In King Hezekiah’s case, Isaiah sent him back God’s response. “The Lord says this: Don’t be afraid because of the words you heard, with which the king of Assyria’s attendants have blasphemed me. I am about to put a spirit in him and he will hear a rumor and return to his own land, where I will cause him to fall by the sword” (37:6-7). This had to give Hezekiah hope!
The royal spokesman sends Hezekiah another message. “Don’t let your God, on whom you rely, deceive you by promising that Jerusalem won’t be handed over to the king of Assyria. Look, you have heard what the kings of Assyria have done to all the countries: they completely destroyed them. Will you be rescued? Did the gods of the nations that my predecessors destroyed rescue them…” (37:10-12)? I like the wording hear “your God, on whom you rely”. I wonder if, even in this realistic threat, if Hezekiah felt strengthened? My guess is yes, because of what happens next.
“Hezekiah took the letter from the messangers’ hands, read it, then went to the Lord’s temple and spread it out before the Lord. Then Hezekiah prayed to the Lord: Lord of Armies, God of Israel, enthroned between the cherubim, you are God – you alone – of all the kingdoms of the earth. You made the heavens and the earth. Listen closely, Lord, and hear, open your eyes, Lord, and see. Hear all the words that Sennacherib has sent to mock the living God. Lord, it is true that the kings of Assyria have devastated all these countries and their lands. They have thrown their gods into the fire, for they were not gods but made from wood and stone by human hands. So they destroyed them. Now, Lord our God, save us from his power so that all the kingdoms of the earth may know that you, Lord, are God – you alone” (37:14-20).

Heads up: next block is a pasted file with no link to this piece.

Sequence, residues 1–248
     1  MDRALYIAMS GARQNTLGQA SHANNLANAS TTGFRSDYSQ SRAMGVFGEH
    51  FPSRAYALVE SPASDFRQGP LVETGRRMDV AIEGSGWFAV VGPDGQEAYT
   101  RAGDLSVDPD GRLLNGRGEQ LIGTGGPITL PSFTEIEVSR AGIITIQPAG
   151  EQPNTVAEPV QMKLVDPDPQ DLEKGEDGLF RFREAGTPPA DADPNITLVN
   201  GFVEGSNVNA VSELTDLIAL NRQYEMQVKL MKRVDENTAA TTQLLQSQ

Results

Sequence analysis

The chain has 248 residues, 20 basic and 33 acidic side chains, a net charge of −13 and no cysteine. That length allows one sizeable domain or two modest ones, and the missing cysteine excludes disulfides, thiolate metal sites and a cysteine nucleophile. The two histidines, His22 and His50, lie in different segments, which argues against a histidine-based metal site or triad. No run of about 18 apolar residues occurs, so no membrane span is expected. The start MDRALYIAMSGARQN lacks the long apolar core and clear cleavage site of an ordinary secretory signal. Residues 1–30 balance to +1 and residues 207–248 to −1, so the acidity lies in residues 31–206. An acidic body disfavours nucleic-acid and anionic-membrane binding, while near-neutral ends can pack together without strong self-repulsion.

Do you see how he has changed in his reference to God? He pulls Him near and places his trust in Him alone. Hezekiah isn’t seeking his own glory here either. He wants the world to know who the one true God is. Have you been in a situation of such humility that you have done the same?
King Hezekiah receives another message from Isaiah. “The Lord, the God of Israel, says, ‘Because you prayed to me about King Sennacherib of Assyria, this is the Lord has spoken against him…” (37:21-22). Read 37:22-32 for yourself. It is so good! I’ll pick up with verse 33-35. “He will not enter this city, shoot an arrow here, come before it with a shield, or build up a siege ramp against it. He will go back the way he came, and he will not enter this city. This is the Lord’s declaration. I will defend this city and rescue it for my sake and for the sake of my servant David.” Do not miss the importance of Hezekiah going to the Lord himself with what appears to be an assurance of the power of God. He takes the letter from one set of hands into his own and then spreads them out before the Lord. I love how he figuratively took this situation out of his own hands and placed it into the Lords.